The air tube is a rolled tube with a seam that can open-up over time. The cup must be removed to access the air tube. This can be done with a heat gun to break the original solder joint. Once the cup is off, you can use 1/8-1/16" heat shrink tubing to seal the air tube. Slide the shrink tube over the air tube and cut it to proper length. You will want to cut it 1/16" short to leave the end of the tube with exposed metal for the cup solder connection. Use a heat gun to shrink it. You may need to seal the base of the tube with an epoxy like JB Weld. You can use an artist's paint brush or Q-Tip to get down to the base of the tube. The air chamber is approximately 4-inches deep, so you need something long enough to reach to the bottom of the tube.
Once complete with epoxy cured, put the pump rod in and while holding your finger over the end of the air tube, try to push air in. You can also secure the air chamber in a vertical position and put water in it. Hold your finger over the end of the tube and try to push air in. If you have no bubbles or obvious air leaks, you have a good seal and can proceed to reattaching the cup.
If the tube is deformed and cannot be straightened. remove it. you can twist it out and then drill out the part that remains at the base. You can purchase a 3mm brass tube on Amazon. This tube is a machined tube with no seam. It is 300mm long. All you need is approximately 75mm, so you have enough extra left over if a mistake is made. You can use a stiff, small wire to position the air tube straight in the air chamber. You can stick a wire or small nail through the firing pin hole to mark the tube for where to cut it.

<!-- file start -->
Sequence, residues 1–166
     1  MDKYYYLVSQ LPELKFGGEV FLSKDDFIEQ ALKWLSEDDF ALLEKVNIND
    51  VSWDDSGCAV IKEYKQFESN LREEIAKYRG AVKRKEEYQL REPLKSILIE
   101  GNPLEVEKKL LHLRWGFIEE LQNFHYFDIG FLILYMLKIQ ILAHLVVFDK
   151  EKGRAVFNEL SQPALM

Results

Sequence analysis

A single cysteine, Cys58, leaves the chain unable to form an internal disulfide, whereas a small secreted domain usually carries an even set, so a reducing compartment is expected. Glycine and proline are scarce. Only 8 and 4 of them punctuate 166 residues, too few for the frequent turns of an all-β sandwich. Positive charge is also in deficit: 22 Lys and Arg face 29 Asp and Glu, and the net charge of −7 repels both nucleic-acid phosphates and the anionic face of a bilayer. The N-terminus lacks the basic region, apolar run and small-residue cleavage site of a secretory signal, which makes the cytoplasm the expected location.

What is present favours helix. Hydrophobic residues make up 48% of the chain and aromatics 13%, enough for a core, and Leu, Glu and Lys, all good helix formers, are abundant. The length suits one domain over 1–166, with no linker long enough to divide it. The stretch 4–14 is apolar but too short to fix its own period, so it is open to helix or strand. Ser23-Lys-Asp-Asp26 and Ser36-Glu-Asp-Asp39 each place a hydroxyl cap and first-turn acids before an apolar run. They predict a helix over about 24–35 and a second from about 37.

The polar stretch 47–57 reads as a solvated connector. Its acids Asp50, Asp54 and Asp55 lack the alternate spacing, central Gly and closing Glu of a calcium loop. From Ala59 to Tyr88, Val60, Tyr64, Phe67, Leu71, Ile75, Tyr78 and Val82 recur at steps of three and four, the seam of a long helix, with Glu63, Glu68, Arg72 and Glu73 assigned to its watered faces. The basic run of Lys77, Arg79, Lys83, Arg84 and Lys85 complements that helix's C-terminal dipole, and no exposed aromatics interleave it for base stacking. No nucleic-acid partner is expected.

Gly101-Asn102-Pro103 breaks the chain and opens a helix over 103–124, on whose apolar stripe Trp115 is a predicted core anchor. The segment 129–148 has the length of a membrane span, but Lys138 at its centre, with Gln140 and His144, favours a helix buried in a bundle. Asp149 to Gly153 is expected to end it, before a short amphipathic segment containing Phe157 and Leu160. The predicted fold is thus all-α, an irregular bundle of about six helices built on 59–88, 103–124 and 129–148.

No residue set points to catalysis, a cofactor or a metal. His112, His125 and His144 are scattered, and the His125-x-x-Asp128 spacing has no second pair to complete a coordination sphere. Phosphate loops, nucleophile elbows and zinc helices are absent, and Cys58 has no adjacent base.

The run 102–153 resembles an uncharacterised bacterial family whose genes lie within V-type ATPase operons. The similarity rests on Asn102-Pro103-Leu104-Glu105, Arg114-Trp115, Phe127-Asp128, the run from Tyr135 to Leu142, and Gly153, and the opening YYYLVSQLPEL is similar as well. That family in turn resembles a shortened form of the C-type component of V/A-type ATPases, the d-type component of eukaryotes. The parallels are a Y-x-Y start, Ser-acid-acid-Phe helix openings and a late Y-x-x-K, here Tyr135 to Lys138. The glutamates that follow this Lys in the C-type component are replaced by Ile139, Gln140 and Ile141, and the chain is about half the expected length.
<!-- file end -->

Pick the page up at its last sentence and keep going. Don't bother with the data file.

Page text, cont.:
You will need to solder a washer at one end with approximately 1/8" extending below the washer. This washer is to keep the tube from slipping through the hole into the pump chamber. Make sure the tube is cut to the proper length because too short or too long will not align the cup properly with the outlet flange. The end of the air tube should be 1-15/32" (37.17mm) from the back end of the air chamber where the breech cap goes.
Once the tube is cut to proper length with a washer soldered to one end, you are ready to install it in the air chamber. Use a long, stiff wire from the pump chamber side, or use a wood dowel rod with a shorter wire to go through the air inlet port and up through the air tube. Ensure it is straight and secure it in-place. The air chamber is 4-3/32" (104.13mm) deep.